Divorce Guide

Divorce Guide

Vermont Divorce Custody

According to Vermont divorce custody laws, as mentioned in 664 of Vermont Statutes, the best interests of the child must be kept in mind while awarding custody of the child. The following factors are considered while awarding child custody in the state of Vermont:
  • Judges prefer to award joint custody to both the parents as Vermont courts believe in nurturing care of the child in a healthy atmosphere brought up by both the parents. If both the parents are willing to cooperate with each other in terms of child care and it suits the best interests of the child, then joint custody of the child is given to the parents.

  • Physical custody of the child may be joint or sole depending upon the practical feasibility of the situation. The parent who gets the responsibility of the child’s housing and day-to-day care is known to have the physical custody of the child. This custody responsibility may be split up where the parents may take up the daily routine of the child and divide his/her time so that the child is well taken care of. In such cases, it is imperative for the parents to keep aside their differences and focus on the child’s welfare and care. VT divorce custody cases generally have one parent getting the physical custody of the child while the other parent gets the visitation rights of the child. Thus, the non-custodial parent has access to the child’s weekends, summer vacations holidays etc where he/she can take the child for trips and spend the time fruitfully.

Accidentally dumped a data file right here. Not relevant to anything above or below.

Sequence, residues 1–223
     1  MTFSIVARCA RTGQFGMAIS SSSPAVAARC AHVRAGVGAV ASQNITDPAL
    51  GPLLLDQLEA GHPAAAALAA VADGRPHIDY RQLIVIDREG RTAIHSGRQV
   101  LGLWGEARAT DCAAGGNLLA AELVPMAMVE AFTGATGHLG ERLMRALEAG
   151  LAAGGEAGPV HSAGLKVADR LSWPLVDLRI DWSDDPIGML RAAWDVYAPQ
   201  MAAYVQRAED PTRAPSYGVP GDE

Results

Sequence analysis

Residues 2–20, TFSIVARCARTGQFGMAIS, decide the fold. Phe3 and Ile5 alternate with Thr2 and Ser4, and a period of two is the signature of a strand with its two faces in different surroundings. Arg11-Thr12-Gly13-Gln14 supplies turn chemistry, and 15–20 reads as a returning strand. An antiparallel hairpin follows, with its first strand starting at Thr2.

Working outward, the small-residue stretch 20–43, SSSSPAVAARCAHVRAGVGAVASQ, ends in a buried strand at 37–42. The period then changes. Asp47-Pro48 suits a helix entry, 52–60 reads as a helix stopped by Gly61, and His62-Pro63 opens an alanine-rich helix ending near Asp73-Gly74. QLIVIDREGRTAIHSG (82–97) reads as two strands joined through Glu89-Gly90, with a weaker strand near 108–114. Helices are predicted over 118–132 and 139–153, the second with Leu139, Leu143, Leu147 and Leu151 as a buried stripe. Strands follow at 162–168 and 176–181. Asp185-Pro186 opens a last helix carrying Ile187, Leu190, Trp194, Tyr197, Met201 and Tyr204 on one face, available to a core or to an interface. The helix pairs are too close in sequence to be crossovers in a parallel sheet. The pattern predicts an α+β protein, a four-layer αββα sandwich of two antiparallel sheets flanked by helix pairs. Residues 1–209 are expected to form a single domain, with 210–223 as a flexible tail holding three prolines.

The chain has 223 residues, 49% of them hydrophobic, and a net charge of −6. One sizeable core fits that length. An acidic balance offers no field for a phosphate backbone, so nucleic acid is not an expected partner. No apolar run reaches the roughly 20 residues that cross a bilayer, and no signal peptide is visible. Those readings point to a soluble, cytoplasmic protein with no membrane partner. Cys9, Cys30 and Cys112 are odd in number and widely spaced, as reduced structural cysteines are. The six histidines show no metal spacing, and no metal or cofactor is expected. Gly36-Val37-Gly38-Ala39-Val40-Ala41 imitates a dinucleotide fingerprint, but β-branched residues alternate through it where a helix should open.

• The parent, who offers to provide a stable family unit and a community which the child is used to, is preferred in Vermont child custody cases.

  • Judges also try to analyze the presence of physical abuse, domestic violence or child neglect or child abuse in the family. The offending parent does not get the custody of the child in such circumstances. The State of Vermont tries to ensure safety and welfare of the child in all circumstances.

  • Child custody is not awarded based on gender and race of the parent. If a parent is found to be unfit or mentally/physically incapable of raising the child, then custody would not be awarded to that parent. Again, financial capability of the parent is not an issue of contention in custody cases. VT child support laws ensure that the financial needs of the child are taken care of.

  • Even if a court denies parental rights and duties such as visitation rights to a parent because that offending parent is detrimental to the welfare and safety of the child, yet he/she has complete access to the child’s records, documents etc pertaining to religion, education, medical records etc.

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